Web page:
Addiction, treatment, and evidence-based medicine
University of Lethbridge. Faculty of Arts and Science
Lethbridge, Alta : University of Lethbridge, Dept. of Philosophy
How addiction is conceived has important practical implications for how addicts are to be treated. This paper argues that we have a horrible concept of addiction and that has led to horrible treatment results. Examining this concept’s history will show that its main components (especially the brain disease view and the loss of control hypotheses) were invented or assumed by social reformers about 200 years ago, and that they do not map onto the physical world in a rich and systematic fashion. Science has been used to promote these assumptions instead of ever substantively establishing them. There are treatment methods that have been shown to be effective, but these are rarely employed in standard practice. Instead, addicts are provided with interventions that have been shown to be ineffective. Continuing to offer addicts treatment modalities that do not work when there are interventions with proven efficacy, is medical malpractice.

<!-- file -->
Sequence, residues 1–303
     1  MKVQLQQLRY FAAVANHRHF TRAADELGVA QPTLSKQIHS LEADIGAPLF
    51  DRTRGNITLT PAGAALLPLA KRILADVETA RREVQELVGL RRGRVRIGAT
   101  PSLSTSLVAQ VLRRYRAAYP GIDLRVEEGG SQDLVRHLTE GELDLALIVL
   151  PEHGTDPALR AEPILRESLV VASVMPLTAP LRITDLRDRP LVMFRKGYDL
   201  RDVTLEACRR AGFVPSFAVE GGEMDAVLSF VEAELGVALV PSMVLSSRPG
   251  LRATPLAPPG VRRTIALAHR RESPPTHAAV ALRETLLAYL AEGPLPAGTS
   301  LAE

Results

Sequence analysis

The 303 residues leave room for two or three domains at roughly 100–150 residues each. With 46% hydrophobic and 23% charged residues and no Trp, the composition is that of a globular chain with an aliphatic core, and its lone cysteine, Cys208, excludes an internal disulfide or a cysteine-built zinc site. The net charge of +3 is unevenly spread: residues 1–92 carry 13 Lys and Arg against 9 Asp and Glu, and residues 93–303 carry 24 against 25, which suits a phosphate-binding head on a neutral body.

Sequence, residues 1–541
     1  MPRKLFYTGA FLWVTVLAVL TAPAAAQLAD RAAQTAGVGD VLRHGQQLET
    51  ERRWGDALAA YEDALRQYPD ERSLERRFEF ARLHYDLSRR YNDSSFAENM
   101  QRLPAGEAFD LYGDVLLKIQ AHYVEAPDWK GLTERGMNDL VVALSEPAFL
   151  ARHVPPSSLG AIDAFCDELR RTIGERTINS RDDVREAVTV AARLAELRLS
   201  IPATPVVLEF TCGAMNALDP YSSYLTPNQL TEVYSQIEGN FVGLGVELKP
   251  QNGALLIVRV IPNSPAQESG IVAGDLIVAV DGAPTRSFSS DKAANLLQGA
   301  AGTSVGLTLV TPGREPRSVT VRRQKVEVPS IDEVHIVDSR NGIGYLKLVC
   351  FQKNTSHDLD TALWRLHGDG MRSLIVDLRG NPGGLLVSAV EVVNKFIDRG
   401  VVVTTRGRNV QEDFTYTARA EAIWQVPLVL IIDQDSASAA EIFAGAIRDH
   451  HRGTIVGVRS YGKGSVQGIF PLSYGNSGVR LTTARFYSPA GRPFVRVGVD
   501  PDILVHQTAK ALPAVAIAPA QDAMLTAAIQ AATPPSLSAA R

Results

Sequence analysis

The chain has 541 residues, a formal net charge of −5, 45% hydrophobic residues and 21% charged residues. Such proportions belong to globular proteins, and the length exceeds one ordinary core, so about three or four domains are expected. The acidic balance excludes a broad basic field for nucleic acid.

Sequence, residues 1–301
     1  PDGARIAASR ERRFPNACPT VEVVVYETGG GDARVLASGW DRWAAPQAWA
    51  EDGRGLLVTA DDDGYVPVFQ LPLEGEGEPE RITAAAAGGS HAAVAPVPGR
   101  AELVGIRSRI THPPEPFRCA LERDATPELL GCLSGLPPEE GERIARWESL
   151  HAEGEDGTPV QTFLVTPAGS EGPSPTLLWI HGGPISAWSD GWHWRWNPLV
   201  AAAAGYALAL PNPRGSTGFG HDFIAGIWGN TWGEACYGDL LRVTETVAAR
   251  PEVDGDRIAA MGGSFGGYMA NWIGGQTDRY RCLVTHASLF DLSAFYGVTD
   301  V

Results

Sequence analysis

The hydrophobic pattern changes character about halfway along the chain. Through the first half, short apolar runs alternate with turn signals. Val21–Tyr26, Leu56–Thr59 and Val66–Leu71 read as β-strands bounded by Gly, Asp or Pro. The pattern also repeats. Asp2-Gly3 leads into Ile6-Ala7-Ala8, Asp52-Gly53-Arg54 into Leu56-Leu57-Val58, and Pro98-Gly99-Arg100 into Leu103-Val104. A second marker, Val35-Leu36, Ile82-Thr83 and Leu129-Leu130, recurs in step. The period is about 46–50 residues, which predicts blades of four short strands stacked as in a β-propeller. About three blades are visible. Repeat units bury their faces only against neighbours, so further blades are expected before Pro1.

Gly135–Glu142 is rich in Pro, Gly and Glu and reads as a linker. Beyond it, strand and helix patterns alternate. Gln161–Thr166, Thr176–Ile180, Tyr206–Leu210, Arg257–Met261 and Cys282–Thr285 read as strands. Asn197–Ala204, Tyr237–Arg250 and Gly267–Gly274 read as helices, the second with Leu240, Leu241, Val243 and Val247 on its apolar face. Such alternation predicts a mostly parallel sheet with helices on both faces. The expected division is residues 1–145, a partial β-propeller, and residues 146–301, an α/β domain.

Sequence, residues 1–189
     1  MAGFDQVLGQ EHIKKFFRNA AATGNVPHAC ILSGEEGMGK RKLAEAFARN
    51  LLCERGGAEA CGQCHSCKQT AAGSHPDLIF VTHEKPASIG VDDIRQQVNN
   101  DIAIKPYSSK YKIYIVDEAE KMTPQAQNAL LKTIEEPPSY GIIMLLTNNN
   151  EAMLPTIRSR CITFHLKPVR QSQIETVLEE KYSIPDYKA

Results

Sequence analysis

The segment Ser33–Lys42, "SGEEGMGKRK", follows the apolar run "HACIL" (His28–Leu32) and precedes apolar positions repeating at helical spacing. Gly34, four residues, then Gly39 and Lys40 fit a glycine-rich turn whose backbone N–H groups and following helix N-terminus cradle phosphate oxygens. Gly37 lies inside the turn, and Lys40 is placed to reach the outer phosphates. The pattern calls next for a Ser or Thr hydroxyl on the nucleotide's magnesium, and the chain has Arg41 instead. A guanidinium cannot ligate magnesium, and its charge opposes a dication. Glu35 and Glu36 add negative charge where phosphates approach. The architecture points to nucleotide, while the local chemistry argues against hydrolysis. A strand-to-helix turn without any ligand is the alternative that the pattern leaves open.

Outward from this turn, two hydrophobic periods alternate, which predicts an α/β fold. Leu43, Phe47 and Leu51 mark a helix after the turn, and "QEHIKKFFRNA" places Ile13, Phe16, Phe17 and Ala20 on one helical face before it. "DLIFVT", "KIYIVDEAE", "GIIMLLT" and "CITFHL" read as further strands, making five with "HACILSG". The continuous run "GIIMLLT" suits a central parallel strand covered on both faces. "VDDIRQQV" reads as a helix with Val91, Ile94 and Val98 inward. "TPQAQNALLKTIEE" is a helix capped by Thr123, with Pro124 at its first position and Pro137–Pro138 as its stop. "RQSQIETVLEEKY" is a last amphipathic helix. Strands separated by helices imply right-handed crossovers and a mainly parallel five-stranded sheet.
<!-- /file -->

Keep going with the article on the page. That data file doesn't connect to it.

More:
addiction medicine , addicts , co-morbid disorders , evidence based treatment , mutual support organizations